Thursday, April 17, 2008

US Papal Visit - Day 3 (Meeting with Victims)

Although there are some who will not be happy until the Church is pounded into obliteration, that cannot prevent us from seeing the big picture.
WASHINGTON (CNS) -- Pope Benedict XVI held an unscheduled meeting with victims of priestly sexual abuse, shortly after pledging the church's continued efforts to help heal the wounds caused by such acts.

The Vatican said the pope met privately in a chapel at the apostolic nunciature with "a small group of persons who were sexually abused by members of the clergy." The group was accompanied by Cardinal Sean P. O'Malley of Boston, which was the epicenter of the abuse scandal.

"They prayed with the Holy Father, who afterward listened to their personal accounts and offered them words of encouragement and hope," a Vatican statement said.

"His Holiness assured them of his prayers for their intentions, for their families and for all victims of sexual abuse," it said.

Jesuit Father Federico Lombardi, Vatican press spokesman, told journalists the meeting involved five or six victims, men and women from the Archdiocese of Boston, and lasted about 25 minutes. During the encounter, each of the victims had a chance to speak personally to the pope, who spoke some "very affectionate words," he said.

Father Lombardi said it was a very emotional meeting; some were in tears.

At the end of the meeting, Cardinal O'Malley gave the pope a book listing the first names of the approximately 1,000 victims of sexual abuse in the archdiocese within the last several decades, Father Lombardi said, so the pope could remember them in his prayers.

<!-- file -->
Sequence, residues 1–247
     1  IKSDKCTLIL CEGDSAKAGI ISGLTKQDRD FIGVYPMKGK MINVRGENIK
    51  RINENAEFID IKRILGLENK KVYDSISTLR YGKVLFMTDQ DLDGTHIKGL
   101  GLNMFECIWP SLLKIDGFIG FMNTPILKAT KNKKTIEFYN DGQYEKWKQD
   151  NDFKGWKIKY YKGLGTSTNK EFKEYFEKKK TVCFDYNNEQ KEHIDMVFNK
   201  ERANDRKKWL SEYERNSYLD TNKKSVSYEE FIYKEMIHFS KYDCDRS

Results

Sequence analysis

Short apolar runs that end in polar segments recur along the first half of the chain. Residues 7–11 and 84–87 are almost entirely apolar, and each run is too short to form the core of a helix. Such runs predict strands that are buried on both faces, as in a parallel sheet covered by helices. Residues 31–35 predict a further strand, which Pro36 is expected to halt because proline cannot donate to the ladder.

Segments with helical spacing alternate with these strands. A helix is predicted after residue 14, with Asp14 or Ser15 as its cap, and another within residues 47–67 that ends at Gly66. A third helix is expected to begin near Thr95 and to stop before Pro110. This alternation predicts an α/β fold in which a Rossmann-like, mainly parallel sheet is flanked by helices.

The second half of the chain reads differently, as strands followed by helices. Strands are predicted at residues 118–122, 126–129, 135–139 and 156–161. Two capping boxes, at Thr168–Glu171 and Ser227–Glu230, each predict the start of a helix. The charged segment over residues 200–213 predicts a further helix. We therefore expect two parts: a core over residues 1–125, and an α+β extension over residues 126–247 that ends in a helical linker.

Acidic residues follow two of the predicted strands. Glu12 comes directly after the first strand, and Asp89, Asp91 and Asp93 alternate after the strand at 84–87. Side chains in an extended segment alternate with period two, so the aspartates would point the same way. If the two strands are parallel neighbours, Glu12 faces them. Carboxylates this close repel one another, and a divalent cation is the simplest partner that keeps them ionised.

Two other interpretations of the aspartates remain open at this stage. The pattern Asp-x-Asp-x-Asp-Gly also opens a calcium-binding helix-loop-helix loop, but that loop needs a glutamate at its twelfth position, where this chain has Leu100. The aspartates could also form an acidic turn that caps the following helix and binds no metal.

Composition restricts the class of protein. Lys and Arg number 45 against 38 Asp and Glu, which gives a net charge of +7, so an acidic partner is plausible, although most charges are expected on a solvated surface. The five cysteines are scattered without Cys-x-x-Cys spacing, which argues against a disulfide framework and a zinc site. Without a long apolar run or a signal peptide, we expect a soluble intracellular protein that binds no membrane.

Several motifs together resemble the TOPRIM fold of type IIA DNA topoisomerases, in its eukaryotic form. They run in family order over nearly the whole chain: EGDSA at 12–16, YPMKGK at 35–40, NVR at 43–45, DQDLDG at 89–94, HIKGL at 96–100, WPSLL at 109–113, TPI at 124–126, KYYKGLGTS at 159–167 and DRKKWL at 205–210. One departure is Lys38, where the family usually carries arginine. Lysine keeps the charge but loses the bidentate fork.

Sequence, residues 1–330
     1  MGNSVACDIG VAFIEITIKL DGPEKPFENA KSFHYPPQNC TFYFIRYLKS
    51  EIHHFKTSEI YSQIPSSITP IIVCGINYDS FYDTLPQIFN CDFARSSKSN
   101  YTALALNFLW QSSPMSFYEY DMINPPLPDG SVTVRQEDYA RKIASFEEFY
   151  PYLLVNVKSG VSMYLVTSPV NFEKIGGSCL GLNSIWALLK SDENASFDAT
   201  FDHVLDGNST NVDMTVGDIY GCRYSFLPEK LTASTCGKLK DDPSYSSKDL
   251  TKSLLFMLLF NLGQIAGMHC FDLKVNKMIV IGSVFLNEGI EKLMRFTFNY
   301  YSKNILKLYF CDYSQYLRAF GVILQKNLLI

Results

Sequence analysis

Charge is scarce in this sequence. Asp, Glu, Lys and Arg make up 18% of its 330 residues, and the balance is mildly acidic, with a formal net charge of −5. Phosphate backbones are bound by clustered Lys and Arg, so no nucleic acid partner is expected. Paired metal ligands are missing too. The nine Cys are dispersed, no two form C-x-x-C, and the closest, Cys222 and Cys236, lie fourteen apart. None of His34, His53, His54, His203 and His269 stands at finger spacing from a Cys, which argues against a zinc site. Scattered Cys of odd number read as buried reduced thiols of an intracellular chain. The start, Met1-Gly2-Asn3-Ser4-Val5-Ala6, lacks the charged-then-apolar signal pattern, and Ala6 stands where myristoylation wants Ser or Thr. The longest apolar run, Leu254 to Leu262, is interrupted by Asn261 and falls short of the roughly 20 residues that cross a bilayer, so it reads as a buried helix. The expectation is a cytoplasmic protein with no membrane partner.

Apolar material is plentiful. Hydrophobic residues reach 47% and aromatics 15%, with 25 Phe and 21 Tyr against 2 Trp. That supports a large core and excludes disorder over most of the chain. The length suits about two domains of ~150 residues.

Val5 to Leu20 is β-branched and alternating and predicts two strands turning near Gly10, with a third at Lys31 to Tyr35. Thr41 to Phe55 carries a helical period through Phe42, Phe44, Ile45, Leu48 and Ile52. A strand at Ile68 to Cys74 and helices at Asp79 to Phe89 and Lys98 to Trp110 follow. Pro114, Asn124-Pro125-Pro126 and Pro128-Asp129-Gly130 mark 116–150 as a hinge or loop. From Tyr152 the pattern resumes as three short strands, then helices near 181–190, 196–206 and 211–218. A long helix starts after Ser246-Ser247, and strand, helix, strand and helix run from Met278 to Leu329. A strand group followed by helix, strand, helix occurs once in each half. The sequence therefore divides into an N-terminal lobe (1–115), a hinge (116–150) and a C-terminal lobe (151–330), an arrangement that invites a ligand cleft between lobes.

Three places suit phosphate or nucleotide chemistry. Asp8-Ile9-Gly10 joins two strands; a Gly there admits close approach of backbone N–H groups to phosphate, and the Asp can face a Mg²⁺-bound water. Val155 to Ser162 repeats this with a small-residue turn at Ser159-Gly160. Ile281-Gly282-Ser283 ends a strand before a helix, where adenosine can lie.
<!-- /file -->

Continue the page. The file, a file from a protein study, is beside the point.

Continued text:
The pope has spoken three times about clerical sexual abuse since he left Rome April 15 for his six-day visit to the United States, expressing the sense of shame he and other church leaders feel about what he called a "tragic situation."

On each occasion, he made a point to encourage church leaders and all Catholics to help those harmed by the abuse.

Some groups criticized the pope for not visiting Boston on this trip and for not scheduling an encounter with victims. Vatican officials had not ruled out such a meeting, but indicated that if it occurred it would be very private.

Barbara Blaine, president of the Survivors' Network of those Abused by Priests, praised the victims for having "the courage to come forward and speak up" but said she did not think the meeting "will change anything."

"Kids need actions," such as punishment for those "supervisors and bishops who have enabled and covered up for predators," she told Catholic News Service.

Another positive step that Pope Benedict could take "with one stroke of the pen," Blaine said, would be to mandate that any priest who flees a country where he had been accused of sexual abuse be immediately returned to that country to face the consequences of his actions.

She also said it was "extremely disappointing" that the victims were accompanied by Cardinal O'Malley, recently named by SNAP as one of the "worst U.S. cardinals" in terms of his response to clergy sex abuse.

"That was probably not the best decision," Blaine said. "He hasn't even put into place the basics to help children protect themselves" from predators.

According to SNAP, one in five children in the Archdiocese of Boston has not received the safe environment training mandated by the "Charter for the Protection of Children and Young People," approved by the U.S. bishops at their Dallas meeting in June 2002.